‘The Impossible’ is moving, urgent but oddly unbalanced
“The Impossible,” directed by J.A. Bayona and starring Naomi Watts and Ewan McGregor, tells the story of family of British tourists caught in Thailand during the 2004 tsunami. Though beautifully acted and impressively realized, writes Seattle Times movie critic Moira Macdonald, the film
Seattle Times movie critic
“The Impossible,” with Naomi Watts, Ewan McGregor, Tom Holland. Directed by J.A. Bayona, from a screenplay by Sergio G. Sánchez. 114 minutes. Rated PG-13 for intense realistic disaster sequences, including disturbing injury sequences and brief nudity. Several theaters.
“The Impossible” is the story of the unthinkable: a December 2004 earthquake under the Indian Ocean, whose subsequent tsunami waves killed hundreds of thousands of people in 11 countries. The film, directed by J.A. Bayona (“Orphanage”), makes it clear from the beginning that it is not the story of any of those people, but is instead a tale of survival; specifically, of a handsome British family vacationing in Thailand for Christmas. The parents, played by Naomi Watts and Ewan McGregor, are successful professionals; the three young sons are charming and happy — until a massive wave crashes into the posh resort where they’re staying, dividing the family and resulting in several days of agony before they can be reunited again.
Filmed with urgency and remarkably realistic special effects, “The Impossible” moves breathlessly through its story. Maria (Watts) and her oldest son Lucas (Tom Holland) are separated from the other three by the wave’s force; she’s badly injured, and young Lucas must become heroic as he helps his dazed yet fiercely protective mother find help (and rescues another child along the way). Watts lets us feel Maria’s excruciating pain, both physical and emotional, as she faces the very real possibility that her husband and other two sons may be dead; Holland, a very talented child actor, shows us Lucas’ not-quite-hidden panic, which becomes worse when he is separated from his mother at a crowded hospital. Husband Henry (McGregor) and the other children have less screen time but are equally affecting, as the dirty brown water strewn with dead fish and dead humans swirls around them; their vacation paradise quickly turned watery hell.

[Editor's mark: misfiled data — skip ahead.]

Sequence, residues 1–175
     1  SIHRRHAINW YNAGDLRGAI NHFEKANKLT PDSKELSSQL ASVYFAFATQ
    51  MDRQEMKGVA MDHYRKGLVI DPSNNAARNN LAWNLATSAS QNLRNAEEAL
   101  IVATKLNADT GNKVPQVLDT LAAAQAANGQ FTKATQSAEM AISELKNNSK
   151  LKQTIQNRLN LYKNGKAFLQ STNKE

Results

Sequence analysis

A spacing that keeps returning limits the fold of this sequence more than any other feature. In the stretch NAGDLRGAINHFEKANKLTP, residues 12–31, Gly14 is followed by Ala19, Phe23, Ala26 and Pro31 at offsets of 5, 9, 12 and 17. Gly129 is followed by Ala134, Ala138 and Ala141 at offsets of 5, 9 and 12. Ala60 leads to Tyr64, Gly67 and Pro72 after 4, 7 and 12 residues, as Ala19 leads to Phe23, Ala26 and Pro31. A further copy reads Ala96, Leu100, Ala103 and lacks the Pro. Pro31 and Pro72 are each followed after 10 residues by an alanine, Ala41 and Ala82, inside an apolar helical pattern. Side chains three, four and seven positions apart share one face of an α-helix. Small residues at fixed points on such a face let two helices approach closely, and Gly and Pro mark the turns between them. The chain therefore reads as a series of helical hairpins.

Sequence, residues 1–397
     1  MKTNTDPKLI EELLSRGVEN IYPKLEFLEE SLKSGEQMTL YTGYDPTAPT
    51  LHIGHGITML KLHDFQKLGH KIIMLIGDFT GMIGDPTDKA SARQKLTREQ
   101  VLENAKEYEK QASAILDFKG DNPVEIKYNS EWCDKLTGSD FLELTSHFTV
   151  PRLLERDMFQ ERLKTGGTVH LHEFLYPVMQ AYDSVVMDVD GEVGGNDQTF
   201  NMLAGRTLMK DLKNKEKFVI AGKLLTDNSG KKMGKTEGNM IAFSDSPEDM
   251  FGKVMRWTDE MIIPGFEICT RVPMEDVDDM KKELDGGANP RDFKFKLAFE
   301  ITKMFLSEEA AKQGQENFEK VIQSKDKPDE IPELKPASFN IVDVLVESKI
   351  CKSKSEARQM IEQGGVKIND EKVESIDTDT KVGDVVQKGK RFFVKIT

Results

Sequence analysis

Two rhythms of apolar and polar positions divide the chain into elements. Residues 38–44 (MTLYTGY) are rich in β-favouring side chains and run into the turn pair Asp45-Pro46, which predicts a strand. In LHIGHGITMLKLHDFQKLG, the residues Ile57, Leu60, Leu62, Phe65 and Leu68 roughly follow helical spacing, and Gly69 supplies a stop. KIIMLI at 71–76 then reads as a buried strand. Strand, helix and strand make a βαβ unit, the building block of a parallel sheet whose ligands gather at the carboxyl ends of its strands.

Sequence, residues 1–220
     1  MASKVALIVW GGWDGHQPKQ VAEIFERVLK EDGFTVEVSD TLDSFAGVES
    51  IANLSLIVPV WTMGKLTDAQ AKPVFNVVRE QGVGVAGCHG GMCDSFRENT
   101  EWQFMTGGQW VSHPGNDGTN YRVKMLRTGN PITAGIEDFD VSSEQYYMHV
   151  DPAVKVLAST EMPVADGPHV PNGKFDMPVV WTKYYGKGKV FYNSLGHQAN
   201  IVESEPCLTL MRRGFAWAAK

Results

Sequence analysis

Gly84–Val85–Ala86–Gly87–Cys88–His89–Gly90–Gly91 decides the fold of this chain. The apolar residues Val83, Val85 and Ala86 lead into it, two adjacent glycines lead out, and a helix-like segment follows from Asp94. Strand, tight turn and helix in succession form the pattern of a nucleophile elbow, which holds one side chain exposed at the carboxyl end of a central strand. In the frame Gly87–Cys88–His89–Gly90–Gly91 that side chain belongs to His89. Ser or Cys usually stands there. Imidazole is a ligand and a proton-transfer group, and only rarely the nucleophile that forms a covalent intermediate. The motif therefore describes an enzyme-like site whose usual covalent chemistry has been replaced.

Though the real-life drama is undeniably moving, it’s hard to watch “The Impossible” without squirming at its strange imbalance: At its heart, the movie is about a family who had a very, very bad vacation, and pays little attention to the many thousands of people whose fate was far worse. You watch wondering where all the Thai people are, and why this movie leaves the odd impression that wealthy tourists were the most affected by the tragedy. It’s a beautifully acted and impressively realized film — but ultimately “The Impossible” feels like the wrong story, well told.
Moira Macdonald: 206-464-2725 or firstname.lastname@example.org